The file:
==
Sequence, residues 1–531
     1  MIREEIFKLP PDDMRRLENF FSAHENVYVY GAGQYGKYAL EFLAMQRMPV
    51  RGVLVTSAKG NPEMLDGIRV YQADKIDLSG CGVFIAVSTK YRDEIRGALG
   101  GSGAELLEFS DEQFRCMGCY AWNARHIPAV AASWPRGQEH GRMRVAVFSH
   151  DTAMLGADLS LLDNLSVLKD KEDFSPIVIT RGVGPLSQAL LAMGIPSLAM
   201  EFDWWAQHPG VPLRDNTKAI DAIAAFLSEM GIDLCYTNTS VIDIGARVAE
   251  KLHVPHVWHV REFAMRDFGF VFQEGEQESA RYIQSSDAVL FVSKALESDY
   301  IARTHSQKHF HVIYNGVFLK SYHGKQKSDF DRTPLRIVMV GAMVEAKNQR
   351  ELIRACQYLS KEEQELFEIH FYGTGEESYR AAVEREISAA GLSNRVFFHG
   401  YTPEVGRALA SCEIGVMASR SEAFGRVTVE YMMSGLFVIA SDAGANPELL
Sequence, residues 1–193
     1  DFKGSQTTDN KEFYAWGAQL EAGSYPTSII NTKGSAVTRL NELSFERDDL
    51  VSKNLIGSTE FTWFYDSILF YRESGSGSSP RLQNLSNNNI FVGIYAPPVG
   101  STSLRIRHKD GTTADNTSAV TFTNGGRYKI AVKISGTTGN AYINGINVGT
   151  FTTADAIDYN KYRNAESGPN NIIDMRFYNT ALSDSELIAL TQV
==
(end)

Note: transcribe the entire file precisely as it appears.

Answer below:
Sequence, residues 1–531
     1  MIREEIFKLP PDDMRRLENF FSAHENVYVY GAGQYGKYAL EFLAMQRMPV
    51  RGVLVTSAKG NPEMLDGIRV YQADKIDLSG CGVFIAVSTK YRDEIRGALG
   101  GSGAELLEFS DEQFRCMGCY AWNARHIPAV AASWPRGQEH GRMRVAVFSH
   151  DTAMLGADLS LLDNLSVLKD KEDFSPIVIT RGVGPLSQAL LAMGIPSLAM
   201  EFDWWAQHPG VPLRDNTKAI DAIAAFLSEM GIDLCYTNTS VIDIGARVAE
   251  KLHVPHVWHV REFAMRDFGF VFQEGEQESA RYIQSSDAVL FVSKALESDY
   301  IARTHSQKHF HVIYNGVFLK SYHGKQKSDF DRTPLRIVMV GAMVEAKNQR
   351  ELIRACQYLS KEEQELFEIH FYGTGEESYR AAVEREISAA GLSNRVFFHG
   401  YTPEVGRALA SCEIGVMASR SEAFGRVTVE YMMSGLFVIA SDAGANPELL
Sequence, residues 1–193
     1  DFKGSQTTDN KEFYAWGAQL EAGSYPTSII NTKGSAVTRL NELSFERDDL
    51  VSKNLIGSTE FTWFYDSILF YRESGSGSSP RLQNLSNNNI FVGIYAPPVG
   101  STSLRIRHKD GTTADNTSAV TFTNGGRYKI AVKISGTTGN AYINGINVGT
   151  FTTADAIDYN KYRNAESGPN NIIDMRFYNT ALSDSELIAL TQV